Evidently it’s International Coffee Day–which I can only assume is some kind of celebration of the glorious brown bean that’s helped many a sleep-deprived and hungover human make it through another day without suddenly face-planting right into a nap.
If you’re one of the millions (maybe billions?) around the globe who can’t live without your coffee, tea, soda or energy drink, you may have wondered if caffeine is affecting your hormones. (Or maybe not. However, since this is a hormone blog, I’m going to assume you’re thinking about hormones more frequently than, say, folks who are currently reading blogs about sports jerseys or Tamagotchi toys.)
Anywho, how caffeine affects hormones has puzzled researchers, too, and they’ve conducted a bunch of studies to find out more.
Unfortunately, so far, the results are a bit see-sawy: Some studies suggest caffeine raises estrogen, others suggest caffeine lowers it and others say its hormone-altering effects depend on your age or race. In fact, the only thing these researchers seem to agree on is that further research needs to be done to confirm any of their findings.
However, there are a couple of interesting tidbits that have come out from some of this caffeine research that are worth sharing:
One study from Duke University Medical Center shows that your body metabolizes caffeine a little more slowly during the second half of your cycle (Week 3 and Week 4) due to the presence of progesterone.
What’s this mean for you? Well, while you’re chugging a second mug of your favorite caffeinated beverage during your Week 3 and Week 4, keep in mind that your body may still have some caffeine left in its system from your first mug-full. As a result, you may want to slow down your caffeine drinking on these days so you don’t overdo it and end up with the caffeine shakes.
Also, as a handy heads-up, caffeine has been shown to worsen premenstrual irritability (especially on an empty stomach), so cutting back on it during the second half of your cycle is a smart move, anyhow.
One other intriguing preliminary finding that comes from Southwestern University suggests that drinking one extra cup of caffeinated coffee, tea, etc., than you usually do may rev your sex drive. The reason is unclear, but it could be because caffeine prompts your body to churn out more testosterone–the hormone that charges up your libido and intensifies pleasurable sensations–or that its stimulating effects prompt more blood flow to regions down below.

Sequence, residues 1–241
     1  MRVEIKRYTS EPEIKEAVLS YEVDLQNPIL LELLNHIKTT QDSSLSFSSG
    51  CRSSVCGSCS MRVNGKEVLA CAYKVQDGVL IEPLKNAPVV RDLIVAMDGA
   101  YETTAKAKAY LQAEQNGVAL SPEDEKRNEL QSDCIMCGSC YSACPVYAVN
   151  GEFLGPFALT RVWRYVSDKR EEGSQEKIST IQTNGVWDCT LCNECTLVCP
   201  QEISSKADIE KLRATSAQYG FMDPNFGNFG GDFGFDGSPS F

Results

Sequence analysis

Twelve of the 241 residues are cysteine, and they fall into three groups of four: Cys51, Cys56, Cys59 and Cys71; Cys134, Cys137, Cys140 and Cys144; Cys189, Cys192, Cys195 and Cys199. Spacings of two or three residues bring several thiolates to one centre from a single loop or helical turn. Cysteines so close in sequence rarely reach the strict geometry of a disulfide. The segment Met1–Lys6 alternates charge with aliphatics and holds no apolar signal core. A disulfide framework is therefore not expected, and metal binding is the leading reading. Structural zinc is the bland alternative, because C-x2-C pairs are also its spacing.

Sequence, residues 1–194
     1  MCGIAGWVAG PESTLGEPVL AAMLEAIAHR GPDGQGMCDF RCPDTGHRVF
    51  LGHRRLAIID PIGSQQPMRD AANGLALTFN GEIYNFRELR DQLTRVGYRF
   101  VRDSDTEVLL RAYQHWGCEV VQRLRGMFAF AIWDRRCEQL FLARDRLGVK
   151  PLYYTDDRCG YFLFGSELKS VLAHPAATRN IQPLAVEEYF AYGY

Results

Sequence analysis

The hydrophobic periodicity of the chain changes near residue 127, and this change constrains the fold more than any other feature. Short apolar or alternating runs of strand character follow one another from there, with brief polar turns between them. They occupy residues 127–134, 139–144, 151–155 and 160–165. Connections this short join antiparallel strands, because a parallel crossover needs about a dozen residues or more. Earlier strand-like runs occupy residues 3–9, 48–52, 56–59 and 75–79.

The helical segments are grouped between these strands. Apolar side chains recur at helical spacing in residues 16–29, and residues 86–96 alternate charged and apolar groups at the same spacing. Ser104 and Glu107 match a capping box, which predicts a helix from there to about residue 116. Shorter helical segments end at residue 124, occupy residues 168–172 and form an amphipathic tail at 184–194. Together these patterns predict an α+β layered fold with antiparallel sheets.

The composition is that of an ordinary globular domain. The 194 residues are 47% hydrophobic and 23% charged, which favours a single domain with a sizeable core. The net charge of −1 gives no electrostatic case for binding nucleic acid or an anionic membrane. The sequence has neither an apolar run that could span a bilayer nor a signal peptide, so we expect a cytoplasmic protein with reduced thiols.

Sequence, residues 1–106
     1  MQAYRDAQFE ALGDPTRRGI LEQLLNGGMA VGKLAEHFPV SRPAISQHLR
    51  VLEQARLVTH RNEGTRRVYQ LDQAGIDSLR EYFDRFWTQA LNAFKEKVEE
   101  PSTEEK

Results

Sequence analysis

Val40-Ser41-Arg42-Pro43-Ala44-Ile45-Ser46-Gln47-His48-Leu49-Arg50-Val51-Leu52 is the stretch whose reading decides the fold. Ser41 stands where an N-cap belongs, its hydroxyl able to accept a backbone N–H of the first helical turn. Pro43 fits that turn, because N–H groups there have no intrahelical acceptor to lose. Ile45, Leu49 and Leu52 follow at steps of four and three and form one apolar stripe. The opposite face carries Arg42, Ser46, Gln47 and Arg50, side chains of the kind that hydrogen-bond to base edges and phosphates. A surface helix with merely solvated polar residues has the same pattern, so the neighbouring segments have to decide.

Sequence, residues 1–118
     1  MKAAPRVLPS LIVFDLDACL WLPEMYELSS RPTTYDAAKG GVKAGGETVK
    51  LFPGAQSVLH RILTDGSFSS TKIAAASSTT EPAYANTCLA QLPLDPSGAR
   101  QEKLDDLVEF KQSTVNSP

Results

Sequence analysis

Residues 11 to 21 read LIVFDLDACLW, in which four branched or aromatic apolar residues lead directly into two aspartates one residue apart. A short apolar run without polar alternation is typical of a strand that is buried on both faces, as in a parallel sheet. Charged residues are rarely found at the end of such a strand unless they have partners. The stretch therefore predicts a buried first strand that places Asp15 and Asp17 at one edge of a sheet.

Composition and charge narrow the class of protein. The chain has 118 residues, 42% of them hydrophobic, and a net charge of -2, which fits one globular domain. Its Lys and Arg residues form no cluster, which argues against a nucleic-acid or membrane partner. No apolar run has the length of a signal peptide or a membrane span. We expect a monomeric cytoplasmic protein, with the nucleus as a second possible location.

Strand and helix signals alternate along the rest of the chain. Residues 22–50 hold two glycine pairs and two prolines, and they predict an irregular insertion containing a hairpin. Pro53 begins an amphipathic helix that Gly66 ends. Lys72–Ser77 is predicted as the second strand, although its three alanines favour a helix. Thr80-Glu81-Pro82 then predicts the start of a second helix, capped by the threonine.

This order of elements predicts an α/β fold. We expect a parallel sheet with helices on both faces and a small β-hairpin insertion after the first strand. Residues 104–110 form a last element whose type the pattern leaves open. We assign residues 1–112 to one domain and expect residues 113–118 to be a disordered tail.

Purely in the interest of science (naturally), I’ve personally tried experimenting with upping my caffeine intake during my Week 2–when high estrogen and testosterone are already making a woman’s sex drive and physical pleasure peak–just to see how much more intense I could make them. I felt it was necessary to repeat this experiment several times (then a few times more) just to, you know, confirm my findings. But, without a doubt, yes, I found that caffeine does, indeed, push my libido and physical sensations into superpowers territory. (I feel I should warn you that if you try this experiment yourself, be sure you’re already someplace where you can have a little privacy for an hour. Or five. The libido-enhancing effects kicks in for me mighty quick–and it could for you, too.)
I’ve also tried taking in an extra dose of caffeine during the second half of my cycle–despite the risk of triggering plunging-estrogen irritation, but, hey, anything for science, right? While the second cup of caffeine didn’t have the uber-amplified effects it had in my Week 2, it did give me a considerable bump in desire that was worth acting on.
So, why do you need an extra dose of caffeine for this libido-boosting effect to kick in? The researchers speculate that your body is so used to your usual daily intake that you wouldn’t experience this rise in passion unless you upped the ante a little. Just be careful not to overdo it: Caffeine overdose is a real and ever-present danger. Just ask anyone who’s ever camped out at a coffee shop offering free Wi-Fi for four hours straight. Guilty!
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